Indiana University of Pennsylvania’s Council of Trustees approved naming of the culinary library in the Fairman Centre, in Punxsutawney, as the Samuel R. and Elaine K. Light Culinary Library.
The resolution was approved in honor of a gift from Elaine Light for the renovation of the Fairman Centre.
Light’s gift for the Fairman Centre is in honor of her late husband, Samuel R. Light. Samuel Light was an IUP trustee from 1965 to 1971 and was the president of the Punxsutawney Groundhog Club from 1952 to 1976. Light, now of Pittsburgh, is a longtime Punxsutawney resident.
Located along Mahoning Street, the Fairman Centre offers retail space on the first floor of the building and residential space and classrooms for students in IUP’s Academy of Culinary Arts on the second and third floors.
Total renovation costs for the 106-year-old, three-story, 24,669-square-foot building are estimated at $4.7 million. Work began in November 2006 and will be completed this fall.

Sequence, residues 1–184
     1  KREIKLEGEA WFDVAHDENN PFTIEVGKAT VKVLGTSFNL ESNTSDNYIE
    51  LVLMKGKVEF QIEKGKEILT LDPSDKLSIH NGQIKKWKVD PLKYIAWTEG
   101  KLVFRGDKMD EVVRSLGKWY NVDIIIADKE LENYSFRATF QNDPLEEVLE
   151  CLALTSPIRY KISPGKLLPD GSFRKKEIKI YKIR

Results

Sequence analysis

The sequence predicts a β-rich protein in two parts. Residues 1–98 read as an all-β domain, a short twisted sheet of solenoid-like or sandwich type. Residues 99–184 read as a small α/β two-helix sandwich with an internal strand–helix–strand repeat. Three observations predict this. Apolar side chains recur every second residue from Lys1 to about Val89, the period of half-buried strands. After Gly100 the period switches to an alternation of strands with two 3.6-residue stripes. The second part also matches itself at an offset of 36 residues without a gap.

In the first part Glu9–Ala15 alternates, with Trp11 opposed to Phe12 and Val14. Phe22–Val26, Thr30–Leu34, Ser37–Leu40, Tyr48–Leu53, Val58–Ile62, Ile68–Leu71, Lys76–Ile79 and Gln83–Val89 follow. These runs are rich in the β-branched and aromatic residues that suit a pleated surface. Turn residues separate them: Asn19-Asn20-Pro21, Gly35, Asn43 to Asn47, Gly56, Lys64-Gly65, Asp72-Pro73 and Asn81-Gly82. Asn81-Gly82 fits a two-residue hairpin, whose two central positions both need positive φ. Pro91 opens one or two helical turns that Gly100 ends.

The Fairman Centre is the former J.B. Eberhart building. At a November 2006 ceremony, the Punxsutawney Regional Development Corporation and the Punxsutawney Chamber of Commerce formally turned the building over to the Foundation for IUP.
During that event, Dr. Tony Atwater, IUP president, announced a $1.9 million gift from the Alan and Roy Fairman families, of Jefferson County, to assist in the revitalization of the building.
The renovation and subsequent uses of the Fairman Centre are estimated to create up to sixty new jobs within five years of operation and add the opportunity for 300 new students at the Academy of Culinary Arts and at IUP at Punxsutawney.
“Mrs. Light’s gift demonstrates her commitment to IUP at Punxsutawney and her support of IUP and its partnership with the community,” Atwater said.
“The Fairman Centre project is a win-win for the entire community. The region retains this beautiful, historic building in a restored condition that benefits the downtown district, and the university benefits by generating an additional venue for offering educational activities and programs that support curricular and workforce education goals.”
Light lived in Punxsutawney from 1950 to 1991. She formerly served as president of the Punxsutawney College Trust and is a member of the advisory board of the academy. She also actively promoted the groundhog tradition in Punxsutawney, including authoring several groundhog-themed cookbooks. She was named Punxsutawney’s Woman of the Year in 1959 and is a lifetime member of the Groundhog Club.
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